“Ah.” said Lady Bafford, grinning. “There was a song that was sung, as I recall. About a Northlander merchant who traveled to the Southlands, and offered a Jamaran woman his fine longspear, only for her to take it from him and give it back to him. There was a hyena involved as well. I understand that those beasts are frequently mentioned in…symbolic songs.”
“I couldn’t say that I know anything about such a song, milady.” offered Melian. It might be prudent to send an apologetic gift to the real Lady Kabaila when this was all over. “And now, if you will please excuse me, I need to go how to learn to dance in a great hurry.”
In truth, Melian was not blind to the charms of women. He simply considered his attraction to them worthy of no more consideration than his desire to Fireball slow cartiers and drovers, or Baleful Polymorph the city’s auditors around tax time.
Lady Kabaila, however, managed to hold his attention quite rigidly. The dress she was wearing was a beautiful hybrid of North and South fashion, blending the Jamaran polychromatic mood-sensitive cloth with a Northlander-style cut. She had been asked where she had managed to acquire it on such short notice, and merely laughed. She was already the center of attention, and great focus was being paid to her. But this was just the start. Soon, the final phase of the plan would commence, and then-
*Melian, we have a problem. Dyer’s been stopped by the Watch.*
Melian managed to keep his face calm at the magically-whispered warning, but it was a very close thing. Thankfully, the news had been passed onto Reyna as well; she wasted no time in departing from her current crowd of admirers, declaring that it was time for a sensual dance, pulling him bodily onto the dance floor as the musicians followed her command, and positioned herself very close to him, such that their whispers would be seen as communication to each other, and not their magical confederates just outside the ballroom.
*What happened?* asked Reyna, as she mouthed a romantic comment in Jamaran into Melian’s ear.
*He was moving props and potions for the finale over, and he got made. He had to get rid of them in case they searched him.* replied the disguised co-op mage tasked with communicating to him. *We have an understudy in position.* the mage continued. *We just need to improvise, get the understudy up to speed…*
*We abort the finale.* said Melian.
It was a hard decision. The finale, a feigned attack by one of Lady Kabaila’s rivals, would have made the dance notorious for years to come, and would have ensured that no one would forget her, or what she had been wearing that night. But Reyna had already exceeded his expectations, and had focused a great deal of attention to herself.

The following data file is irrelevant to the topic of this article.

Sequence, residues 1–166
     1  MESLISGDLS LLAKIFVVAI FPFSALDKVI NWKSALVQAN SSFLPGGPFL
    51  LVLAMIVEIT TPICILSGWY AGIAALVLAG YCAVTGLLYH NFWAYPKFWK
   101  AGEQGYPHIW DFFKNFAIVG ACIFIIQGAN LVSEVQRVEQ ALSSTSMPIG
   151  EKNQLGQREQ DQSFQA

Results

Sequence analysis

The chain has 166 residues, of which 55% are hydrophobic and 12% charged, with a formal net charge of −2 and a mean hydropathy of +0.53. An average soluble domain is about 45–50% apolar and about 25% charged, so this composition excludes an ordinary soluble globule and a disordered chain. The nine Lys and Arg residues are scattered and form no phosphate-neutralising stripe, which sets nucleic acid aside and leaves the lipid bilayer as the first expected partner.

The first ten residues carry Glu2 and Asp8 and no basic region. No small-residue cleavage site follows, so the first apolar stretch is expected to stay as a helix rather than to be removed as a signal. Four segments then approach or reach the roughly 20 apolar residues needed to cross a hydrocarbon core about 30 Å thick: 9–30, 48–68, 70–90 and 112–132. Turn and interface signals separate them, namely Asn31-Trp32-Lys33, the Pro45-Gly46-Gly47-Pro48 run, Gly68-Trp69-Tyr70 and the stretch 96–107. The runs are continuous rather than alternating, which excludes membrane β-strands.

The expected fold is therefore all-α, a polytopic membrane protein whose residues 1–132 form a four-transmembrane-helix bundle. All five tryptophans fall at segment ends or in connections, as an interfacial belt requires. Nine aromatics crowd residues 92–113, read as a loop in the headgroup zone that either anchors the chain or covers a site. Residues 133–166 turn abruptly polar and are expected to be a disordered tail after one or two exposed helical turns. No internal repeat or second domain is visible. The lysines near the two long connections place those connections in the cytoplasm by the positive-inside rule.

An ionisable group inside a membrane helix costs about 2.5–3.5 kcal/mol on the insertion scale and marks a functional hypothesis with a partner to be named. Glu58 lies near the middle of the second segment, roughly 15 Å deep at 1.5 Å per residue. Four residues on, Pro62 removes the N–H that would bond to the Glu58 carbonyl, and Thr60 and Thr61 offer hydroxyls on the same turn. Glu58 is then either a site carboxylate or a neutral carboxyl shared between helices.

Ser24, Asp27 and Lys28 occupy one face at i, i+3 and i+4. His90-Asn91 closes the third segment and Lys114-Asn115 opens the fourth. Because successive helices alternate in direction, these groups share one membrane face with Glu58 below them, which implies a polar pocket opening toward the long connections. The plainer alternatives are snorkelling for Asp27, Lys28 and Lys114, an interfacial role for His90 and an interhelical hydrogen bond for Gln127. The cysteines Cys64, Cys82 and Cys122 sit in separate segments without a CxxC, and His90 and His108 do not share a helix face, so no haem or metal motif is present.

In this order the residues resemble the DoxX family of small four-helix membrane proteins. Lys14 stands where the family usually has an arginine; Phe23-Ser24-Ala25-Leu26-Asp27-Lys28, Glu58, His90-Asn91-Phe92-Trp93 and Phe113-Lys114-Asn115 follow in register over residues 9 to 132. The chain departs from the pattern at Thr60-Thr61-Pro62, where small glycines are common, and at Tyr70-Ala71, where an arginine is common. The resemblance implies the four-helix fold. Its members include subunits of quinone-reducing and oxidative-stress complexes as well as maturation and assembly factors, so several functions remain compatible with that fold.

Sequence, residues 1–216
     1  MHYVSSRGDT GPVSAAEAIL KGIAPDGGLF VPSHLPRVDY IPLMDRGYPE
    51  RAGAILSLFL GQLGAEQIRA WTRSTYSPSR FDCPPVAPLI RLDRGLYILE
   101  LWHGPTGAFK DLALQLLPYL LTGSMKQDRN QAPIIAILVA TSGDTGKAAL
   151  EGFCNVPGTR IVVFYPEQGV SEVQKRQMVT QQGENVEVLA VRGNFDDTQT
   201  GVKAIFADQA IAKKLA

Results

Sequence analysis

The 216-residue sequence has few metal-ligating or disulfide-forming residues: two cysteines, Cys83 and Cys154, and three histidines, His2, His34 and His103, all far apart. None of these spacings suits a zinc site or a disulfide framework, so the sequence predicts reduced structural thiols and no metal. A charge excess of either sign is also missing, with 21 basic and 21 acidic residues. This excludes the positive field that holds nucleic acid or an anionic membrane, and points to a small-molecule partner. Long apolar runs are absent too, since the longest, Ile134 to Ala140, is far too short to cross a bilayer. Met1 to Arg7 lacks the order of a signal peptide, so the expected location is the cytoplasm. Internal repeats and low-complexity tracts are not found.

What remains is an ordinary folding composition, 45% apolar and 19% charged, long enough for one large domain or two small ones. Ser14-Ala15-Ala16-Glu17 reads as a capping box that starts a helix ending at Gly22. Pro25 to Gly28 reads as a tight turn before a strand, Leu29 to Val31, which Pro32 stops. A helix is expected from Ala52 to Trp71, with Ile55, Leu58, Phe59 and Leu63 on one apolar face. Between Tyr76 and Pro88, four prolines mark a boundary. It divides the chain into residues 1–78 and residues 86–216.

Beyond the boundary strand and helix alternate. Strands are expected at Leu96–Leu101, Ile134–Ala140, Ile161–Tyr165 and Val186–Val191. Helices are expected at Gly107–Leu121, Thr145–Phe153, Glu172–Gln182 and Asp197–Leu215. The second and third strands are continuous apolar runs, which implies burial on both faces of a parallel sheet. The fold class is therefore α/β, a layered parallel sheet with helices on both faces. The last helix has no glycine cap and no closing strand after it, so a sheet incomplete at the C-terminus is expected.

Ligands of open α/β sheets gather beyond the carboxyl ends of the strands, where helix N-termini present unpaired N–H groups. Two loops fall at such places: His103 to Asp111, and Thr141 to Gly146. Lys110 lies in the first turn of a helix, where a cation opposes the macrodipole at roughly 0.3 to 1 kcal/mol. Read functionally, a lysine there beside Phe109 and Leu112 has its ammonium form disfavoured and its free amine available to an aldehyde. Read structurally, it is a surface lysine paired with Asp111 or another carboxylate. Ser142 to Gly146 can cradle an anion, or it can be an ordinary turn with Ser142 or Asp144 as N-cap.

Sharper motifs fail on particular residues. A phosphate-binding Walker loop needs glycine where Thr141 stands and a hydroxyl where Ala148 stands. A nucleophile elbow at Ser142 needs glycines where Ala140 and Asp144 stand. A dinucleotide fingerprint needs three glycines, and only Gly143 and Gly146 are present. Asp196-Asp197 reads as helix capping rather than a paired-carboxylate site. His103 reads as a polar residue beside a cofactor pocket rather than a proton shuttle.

He would have liked to ensure a grand plan, that would let him pay off his debt to Corim in months, and cement his guild as providers of the most expensive and fashionable magical clothing for years to come. But he had embarked on his current path to eliminate risk, and absent Dyer’s uncanny acting ability and the main preparations already in place, it was simply too risky. He would have to accept a lowered expected payout.
He spent the rest of the evening in an odd mixture of numbness and anxiety, distracted by mental calculations of how much Dyer’s unfortunate meeting with the Watch had cost him, only kept on track by Reyna’s expert direction. But the evening ended, with Lady Kabaila dragging him out of the room, grinning widely. They made their way back to the guild hall, with flirtations and casual touches building, until Melian was genuinely unsure what intentions Reyna had for him once they reached the warded, eavesdropper-proof safe room-
“Phew!” said Reyna, as soon as the door closed. She stepped back, with delicay and grace but also extremely clear intent, and wiped her forehead. Her magical disguse was active, but her body language had changed completely.
“This is really hard work.” she said. “I’m not usually doing these gigs for more than an hour at a time.”
She made a face at him. “Tell me, wizard.” she said. “Would you have rolled the dice and gone for the finale anyways if I hadn’t talked you into a percentage payout?”
“I promise that I would not have.” said Melian. In truth, he’d barely considered the specifics of the payment agreement. All that he had cared about was maximizing return, and minimizing risk.
“I’ll take your word for it.” she said. “All right. I’ve got my last two doses here of Jamaran-in-a-bottle here. Go on. I’ll be out in the morning, and make my departure.”
“Indeed.” said Melian. His mind was still numb.
The cooperative hall was sealed, but Dyer was present when Melian exited the sealed room.
He was grinning, which Melian, in his current state, found extremely worrying.
“Boss, I’m really sorry about the Watch business.” he said. “I didn’t want to take any risks, but…look at this!”
Dyer passed over a piece of paper. It was on Zithras’s stationary. It was, he saw, a purchase order, of the kind he had expected to have to start negeotiating for in the coming days-
A number at the bottom caught his attention. He stared at it, eyes crossing briefly.
“Dyer.” he said. “Is this…genuine?”
“Got it from Zithras himself.” he said. “Signed and everything.”
“And you are sure that Zithras did not…perhaps misplace a decimal point-”
“Two dozen Jamaran style dresses, all in rainbow-silk, provided exclusively by the Mage’s Cooperative, each a unique creation.” said Dyer. “Sorry, boss, I probably should have Messaged at you, but I just happened to run into Zithras outside, we got to talking, there wasn’t time, so-”